[Article reprinted from the January-March 2012 edition of ATA’s ReNew magazine.]

Architect Mark Thomson’s first experience after the Queensland floods was as part of the ‘mud brigade’. Now he’s trying to set a smarter, hands- on approach to rebuilding in flood-affected areas, writes Jacinta Cleary.

Mark Thomson has been involved with most aspects of Brisbane’s flood recovery this year, from cleaning mud and debris from people’s homes, attending green rebuilding forums, participating in community education events and meeting face-to-face with insurance companies to push for more support for householders looking to rebuild sustainably.

He laments that, despite all these activities, he’s only seen one practical example of a household rebuilding with sustainability or future resilience in mind, and that’s a project he’s “persevered with as no one else has seemed to bother.”

Living in Brisbane, Mark and his family knew a few flood-affected households in need of help, either with or without insurance. Attending a Build It Back Green flood recovery forum earlier this year (the group behind the inspiring resource for Victoria’s bushfire-affected communities www.builditbackgreen.org/bushfires), Mark met a representative from insurance company Suncorp, so raised an issue he became aware of while helping an insured household.

Insurance policies generally make no provision for flood-damaged houses to be made more flood-ready; at most, householders are insured to rebuild to the previous standard, no matter how inefficient or poorly designed. The household Mark was working with wanted some flexibility though, to build a more sustainable, resilient home. Suncorp was receptive and from this stemmed various meetings involving Mark, Suncorp, AMP and Lend Lease to discuss the issues around insurance policies and sustainability.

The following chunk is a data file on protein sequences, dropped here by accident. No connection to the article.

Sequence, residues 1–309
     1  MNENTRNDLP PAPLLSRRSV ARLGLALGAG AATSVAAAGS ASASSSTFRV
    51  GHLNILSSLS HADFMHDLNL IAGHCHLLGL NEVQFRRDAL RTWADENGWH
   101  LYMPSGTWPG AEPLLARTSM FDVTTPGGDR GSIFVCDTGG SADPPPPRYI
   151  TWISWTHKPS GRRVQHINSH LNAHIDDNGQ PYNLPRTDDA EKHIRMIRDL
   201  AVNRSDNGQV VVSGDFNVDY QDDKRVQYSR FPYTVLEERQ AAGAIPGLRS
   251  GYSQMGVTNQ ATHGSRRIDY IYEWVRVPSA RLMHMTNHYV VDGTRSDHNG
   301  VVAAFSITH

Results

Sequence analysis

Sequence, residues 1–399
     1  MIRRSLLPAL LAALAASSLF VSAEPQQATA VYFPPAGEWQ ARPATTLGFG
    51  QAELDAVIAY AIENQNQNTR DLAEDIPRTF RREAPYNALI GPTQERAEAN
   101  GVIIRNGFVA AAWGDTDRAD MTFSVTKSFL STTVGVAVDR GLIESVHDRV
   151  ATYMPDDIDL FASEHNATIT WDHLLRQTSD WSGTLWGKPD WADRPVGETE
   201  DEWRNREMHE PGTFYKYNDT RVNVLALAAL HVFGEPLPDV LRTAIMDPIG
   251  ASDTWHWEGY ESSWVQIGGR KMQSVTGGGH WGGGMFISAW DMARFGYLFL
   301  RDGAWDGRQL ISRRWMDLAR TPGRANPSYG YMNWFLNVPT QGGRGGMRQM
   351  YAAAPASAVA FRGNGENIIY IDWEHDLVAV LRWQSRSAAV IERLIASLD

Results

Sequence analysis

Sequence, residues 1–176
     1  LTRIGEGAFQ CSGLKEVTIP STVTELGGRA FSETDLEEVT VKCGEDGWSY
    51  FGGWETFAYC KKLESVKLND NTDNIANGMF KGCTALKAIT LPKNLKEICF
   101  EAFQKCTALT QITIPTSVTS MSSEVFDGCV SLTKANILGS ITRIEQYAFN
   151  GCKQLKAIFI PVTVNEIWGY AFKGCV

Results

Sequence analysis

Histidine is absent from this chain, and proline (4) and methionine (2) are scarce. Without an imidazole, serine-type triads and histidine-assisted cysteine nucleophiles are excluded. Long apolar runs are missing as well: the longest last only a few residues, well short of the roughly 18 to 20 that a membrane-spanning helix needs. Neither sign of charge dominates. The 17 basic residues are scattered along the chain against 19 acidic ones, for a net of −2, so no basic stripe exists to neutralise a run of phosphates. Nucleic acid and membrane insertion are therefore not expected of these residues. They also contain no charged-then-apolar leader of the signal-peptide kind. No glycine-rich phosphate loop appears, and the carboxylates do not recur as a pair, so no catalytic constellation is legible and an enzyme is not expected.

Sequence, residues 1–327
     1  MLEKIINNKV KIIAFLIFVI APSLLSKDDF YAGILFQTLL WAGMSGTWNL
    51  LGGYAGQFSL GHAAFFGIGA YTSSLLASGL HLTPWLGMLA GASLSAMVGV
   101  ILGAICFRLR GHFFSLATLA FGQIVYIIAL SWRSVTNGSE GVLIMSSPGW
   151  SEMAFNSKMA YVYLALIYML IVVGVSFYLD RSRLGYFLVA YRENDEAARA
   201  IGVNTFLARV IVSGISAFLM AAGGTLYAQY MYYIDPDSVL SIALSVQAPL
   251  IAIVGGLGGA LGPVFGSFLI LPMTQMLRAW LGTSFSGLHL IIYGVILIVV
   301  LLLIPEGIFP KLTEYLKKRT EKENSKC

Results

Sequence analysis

It seemed many in the insurance game loved the idea of sustainable rebuilds, but the rigid insurance procedures in place did not encourage any changes within the approved flood recovery rebuild process, leaving Mark wondering how anyone could build back sustainably. “The only way to get sustainable improvements was in consultation with the builders on the ground,” he says, giving up on talking to the insurers and project managers who were only committed to build back what previously existed.

New plans

Mark is working with Suzanne and Peter Davies to repair their home, with the project potentially doubling as a case study for insurance companies and the Build It Back Green team, providing lessons and inspiration on sustainable rebuilds. Their two-storey brick veneer house incurred substantial flood damage to the lower level and moderate water damage to the upper floor. The insurance repair work, which commenced in November, came some time after the final scope of work was agreed on between all stakeholders. Sustainable rebuild strategies needed to be priced in detail as an additional project stage, potentially slowing down the claim progress and complicating the outcome. Instead of approving new sustainable features at the insurer level, Mark is working with the nominated insurance builder instead, using a bit of give and take to see what improvements can be added while working to the same budget.

David Kelly of Priority One Building Services supported the idea to build back in a flood resilient and sustainable manner, so worked within his commisslon to assist in costing new initiatives.

With the Davies in their 60s, one aim was to make their home accessible and adaptable to future needs. This includes planning for a bedroom downstairs, changes to the bathroom and an improved kitchen layout. The home flooded in 1974 and 2011, so resilience against future inundations was now considered essential. In fact, if a flood is forecast in the future, the kitchen may not even be there, as it’s being designed to be easily dismantled.